Facility-Wide Testing for SARS-CoV-2 in Nursing Homes — Seven U.S. Jurisdictions, March–June 2020
Weekly / August 14, 2020 / 69(32);1095–1099
On August 11, 2020, this report was posted online as an MMWR Early Release.
Kelly M. Hatfield, MSPH1; Sujan C. Reddy, MD1; Kaitlin Forsberg, MPH1; Lauren Korhonen, MSPH1; Kelley Garner, MPH2; Trent Gulley, MPH2; Allison James, DVM, PhD2; Naveen Patil, MD2; Carla Bezold, ScD3; Najibah Rehman, MD3; Marla Sievers, MPH4; Benjamin Schram, MPH5; Tracy K. Miller, PhD5; Molly Howell, MPH5; Claire Youngblood, MA6; Hannah Ruegner, MPH6; Rachel Radcliffe, DVM6; Allyn Nakashima, MD7; Michael Torre, PhD7; Kayla Donohue, MPH8; Paul Meddaugh, MS8; Mallory Staskus, MS8; Brandon Attell, MA1; Caitlin Biedron, MD1; Peter Boersma, MPH1; Lauren Epstein, MD1; Denise Hughes1; Meghan Lyman, MD1; Leigh E. Preston, DrPH1; Guillermo V. Sanchez, MSHS, MPH1; Sukarma Tanwar, MMed1; Nicola D. Thompson, PhD1; Snigdha Vallabhaneni, MD1; Amber Vasquez, MD1; John A. Jernigan, MD1 (View author affiliations)View suggested citation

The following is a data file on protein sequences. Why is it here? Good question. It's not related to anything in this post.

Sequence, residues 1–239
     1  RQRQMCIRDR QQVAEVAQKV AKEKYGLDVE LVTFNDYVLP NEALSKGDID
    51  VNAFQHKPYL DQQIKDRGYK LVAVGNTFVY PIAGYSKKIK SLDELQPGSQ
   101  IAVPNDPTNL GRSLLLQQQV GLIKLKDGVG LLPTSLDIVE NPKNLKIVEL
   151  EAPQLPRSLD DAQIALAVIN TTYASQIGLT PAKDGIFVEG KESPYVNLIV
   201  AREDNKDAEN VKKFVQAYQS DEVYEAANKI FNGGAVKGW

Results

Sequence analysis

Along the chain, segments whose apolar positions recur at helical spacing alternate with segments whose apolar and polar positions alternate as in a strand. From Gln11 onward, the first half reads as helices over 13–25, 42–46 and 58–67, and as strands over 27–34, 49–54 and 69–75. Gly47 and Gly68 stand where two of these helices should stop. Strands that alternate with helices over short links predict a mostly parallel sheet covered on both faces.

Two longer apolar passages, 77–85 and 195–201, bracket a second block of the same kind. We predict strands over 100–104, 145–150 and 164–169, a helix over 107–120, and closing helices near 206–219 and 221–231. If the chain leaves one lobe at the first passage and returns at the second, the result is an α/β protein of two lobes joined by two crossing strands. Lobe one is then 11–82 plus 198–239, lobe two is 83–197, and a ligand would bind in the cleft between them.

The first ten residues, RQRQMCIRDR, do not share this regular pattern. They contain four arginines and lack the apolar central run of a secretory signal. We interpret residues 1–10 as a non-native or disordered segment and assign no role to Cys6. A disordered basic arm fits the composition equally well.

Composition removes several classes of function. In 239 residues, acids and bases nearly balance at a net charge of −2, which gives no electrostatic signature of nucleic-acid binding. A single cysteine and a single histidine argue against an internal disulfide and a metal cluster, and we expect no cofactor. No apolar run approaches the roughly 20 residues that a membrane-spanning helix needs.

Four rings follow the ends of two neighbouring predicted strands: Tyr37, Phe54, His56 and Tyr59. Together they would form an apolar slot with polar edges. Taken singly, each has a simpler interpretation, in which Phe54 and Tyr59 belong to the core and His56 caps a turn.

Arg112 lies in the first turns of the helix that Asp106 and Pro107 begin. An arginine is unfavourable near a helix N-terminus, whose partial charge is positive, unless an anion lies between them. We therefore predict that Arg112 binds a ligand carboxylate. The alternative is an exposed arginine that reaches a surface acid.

What is already known about this topic?
Facility-wide testing of health care personnel and nursing home residents for SARS-CoV-2 can inform strategies to prevent transmission.
What is added by this report?
In two health department jurisdictions, testing in facilities without a previous COVID-19 case identified a prevalence of 0.4%. Five health department jurisdictions that targeted facility-wide testing after identification of a case found a prevalence of 12%; for each additional day before completion of initial facility-wide testing, an estimated 1.3 additional cases were identified.
What are the implications for public health practice?
Performing facility-wide testing rapidly following identification of a case in a nursing home might facilitate control of transmission among residents and health care personnel. Strategies are needed to optimize facility-wide testing in nursing homes without a reported case.